During pregnancy, a women’s immune system is compromised and more vulnerable to infections and viruses it is exposed to. Research shows the same is true when it comes to COVID-19. If you are pregnant and get COVID-19, you have a greater chance of becoming very ill are considered a “high-risk” individual.  

Only a portion of COVID-19 vaccine types have been studied in pregnant women. For this reason, we don’t yet know how safe the vaccine is for pregnant women. However, research shows pregnant women who receive the COVID-19 vaccine may pass on some immunity to their babies.  

If you’re pregnant and interested in receiving the COVID-19 vaccine, discuss options with your OB/GYN or healthcare provider.   

Learn more about the COVID-19 vaccine while pregnant.  

Should I expect to change my current medication or treatment plan after receiving the vaccine? 

Never stop taking medications or alter your treatment plan without first discussing it with your care team. If you are interested in receiving a COVID-19 vaccine and have an upcoming surgery or procedure, reach out to your doctor first to discuss if it’s right for you.  

Those awaiting transplants or patients who have had a transplant more than three months ago, are recommended to get the vaccine. Consult your transplant team for questions and to let them know you have been vaccinated.    

For patients who have received a liver transplant and are within 12 weeks post-surgery, please discuss whether you are able to get the vaccine with your provider.   

Am I too sick to get it, and how will it impact my condition?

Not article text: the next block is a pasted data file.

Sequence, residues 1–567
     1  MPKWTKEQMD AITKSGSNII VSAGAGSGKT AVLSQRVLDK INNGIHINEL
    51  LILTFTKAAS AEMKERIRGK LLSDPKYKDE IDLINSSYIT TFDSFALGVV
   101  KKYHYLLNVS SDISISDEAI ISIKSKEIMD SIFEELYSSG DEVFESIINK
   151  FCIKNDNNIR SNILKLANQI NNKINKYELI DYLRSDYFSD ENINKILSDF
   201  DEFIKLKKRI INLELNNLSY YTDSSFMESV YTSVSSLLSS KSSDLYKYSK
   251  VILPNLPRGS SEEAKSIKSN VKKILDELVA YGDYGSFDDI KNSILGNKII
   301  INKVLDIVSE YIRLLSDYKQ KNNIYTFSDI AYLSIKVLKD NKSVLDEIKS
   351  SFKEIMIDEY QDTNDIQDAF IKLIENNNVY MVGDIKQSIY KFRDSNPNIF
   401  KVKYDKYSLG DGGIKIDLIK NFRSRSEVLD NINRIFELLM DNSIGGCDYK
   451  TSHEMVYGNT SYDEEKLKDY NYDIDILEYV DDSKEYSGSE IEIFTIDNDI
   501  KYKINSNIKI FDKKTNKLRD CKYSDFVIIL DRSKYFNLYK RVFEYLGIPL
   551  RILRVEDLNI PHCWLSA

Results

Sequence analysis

Your healthcare provider or care team will be able to best determine whether or not a vaccine is right for you based on your current health status.  

I’ve heard reports of side effects as a result of the vaccine. Will they be more severe for me due to my current health condition? 

While everyone’s experience may be different, COVID-19 side effects in those with fragile immune systems appear to be the same as those in healthy individuals.  

The most common side effect is pain, redness or swelling at the site of the shot. You may also have:  

  • Chills 
  • Headache 
  • Muscle or joint pain 
  • Diarrhea 
  • Tiredness 
  • Low fever 

While we understand these effects may be an inconvenience, side effects should not be a cause of worry and symptoms should subside within a few days.  

Maintain social distancing measures during and after vaccination 

While vaccination offers an added layer of protection against COVID-19, the best way to protect yourself is to be mindful about distancing yourself from others and lowering your risk of exposure in everyday life. Always remember to: 

  • Wear a mask. When you come for your vaccination, please wear a mask. And even once you are vaccinated, you still need to wear a mask when you are out in public. Learn more about CDC recommendations for fully vaccinated people.  
  • Don’t skip your appointment(s). Depending on the vaccine you receive, you may have one or two appointments scheduled. If your vaccine requires two shots, be sure to keep both appointments for the vaccine to be effective.  
  • Let us know if you can’t make it. If you need to cancel, please give advanced notice. 
  • Be patient. Staff members at vaccination sites are working hard to schedule and vaccinate as many as possible, as quickly as possible. Some vaccine providers may not be able to open up to Group 4 individuals until they’ve finished meeting a high demand of vaccinations in Groups 1 through 3. Remember to be patient as you await your turn for vaccination.  

Where can I go to get the COVID-19 vaccine? 

To sign up for the vaccine or to learn more about vaccination events, eligibility, and prescreening, please 

If your condition makes it difficult to stand in line to wait, you can visit a drive thru location or request a wheelchair at certain sites. Discuss options with your doctor before scheduling an appointment.  

National and state resources: